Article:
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  • 2010 Emma Ralph - All Rights Reserved.



    By Emma Ralph

  • 2010 Emma Ralph - All Rights Reserved.


    PLEASE NOTE: You Do NOT Have the Right to Reprint or Resell this e-Book

    You Also MAY NOT Give Away, Sell, Copy or Share the Content Herein

    If you obtained this report from anywhere other than you have a pirated copy. Please help stop Internet crime by reporting this to: mailto:[email protected] 2009 Copyright Emma Ralph ALL RIGHTS RESERVED. No part of this book may be reproduced or transmitted in any form whatsoever, electronic, or mechanical, including photocopying, recording, or by any informational storage or retrieval system without express written, dated and signed permission from the author. DISCLAIMER AND/OR LEGAL NOTICES: The information presented herein represents the view of the author as of the date of publication. Because of the rate with which conditions change, the author reserves the right to alter and update her opinion based on the new conditions. The book is for informational purposes only. While every attempt has been made to verify the information provided in this book, neither the author nor her affiliates/partners assume any responsibility for errors, inaccuracies or omissions. Any slights of people or organizations are unintentional. If advice concerning legal or related matters is needed, the services of a fully qualified professional should be sought.

  • 2010 Emma Ralph - All Rights Reserved.



    Chapter 1: Introduction Page 4

    Chapter 2: Pan Pastels Described Page 6

    Chapter 3: Tools Page 9

    Chapter 4: Techniques Page 16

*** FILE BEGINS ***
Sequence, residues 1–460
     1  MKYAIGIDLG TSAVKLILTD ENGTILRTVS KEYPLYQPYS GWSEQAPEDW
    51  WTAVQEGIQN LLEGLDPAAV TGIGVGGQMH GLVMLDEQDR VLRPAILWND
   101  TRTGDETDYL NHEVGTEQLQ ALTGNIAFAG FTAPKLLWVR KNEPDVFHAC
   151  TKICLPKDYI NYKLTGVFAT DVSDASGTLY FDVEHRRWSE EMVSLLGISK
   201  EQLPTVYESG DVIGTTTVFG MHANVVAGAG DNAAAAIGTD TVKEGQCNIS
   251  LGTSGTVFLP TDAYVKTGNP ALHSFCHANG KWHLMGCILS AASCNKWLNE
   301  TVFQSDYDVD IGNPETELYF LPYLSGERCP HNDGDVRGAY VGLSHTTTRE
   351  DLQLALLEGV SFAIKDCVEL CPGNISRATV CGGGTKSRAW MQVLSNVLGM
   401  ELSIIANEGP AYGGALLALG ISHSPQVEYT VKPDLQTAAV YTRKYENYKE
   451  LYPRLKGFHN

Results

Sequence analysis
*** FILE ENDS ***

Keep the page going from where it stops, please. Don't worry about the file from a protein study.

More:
Chapter 5: Mess, Transport etc Page 24

    Chapter 6: Conclusion Page 28

    Resources Page 29

  • 2010 Emma Ralph - All Rights Reserved.





    Most of the artistic mediums in use today like oil paints, watercolors and pastels have been around for hundreds of years. Theyve been thoroughly and exhaustively used to create all manner of artworks, and theres next to nothing that artists dont know about them.

    Pan pastels are something different. Theyre something that doesnt come along very often: a totally new artistic medium. Of course theyre not a world away from soft pastels, but as well see in this eBook, they really do differ in some highly significant ways from their much older cousins.

    If youre reading this youre almost certainly already familiar with soft pastels, and perhaps youve used hard pastels and oil pastels as well. Your first question is therefore likely to be, whats the difference between pan pastels and the soft pastels that Im already using? Well answer that question and many more.

    A word about nomenclature: the official name of pan pastels is in fact PanPastel, but well keep referring to them by the descriptive pan pastels throughout the eBook. The official website of PanPastel, is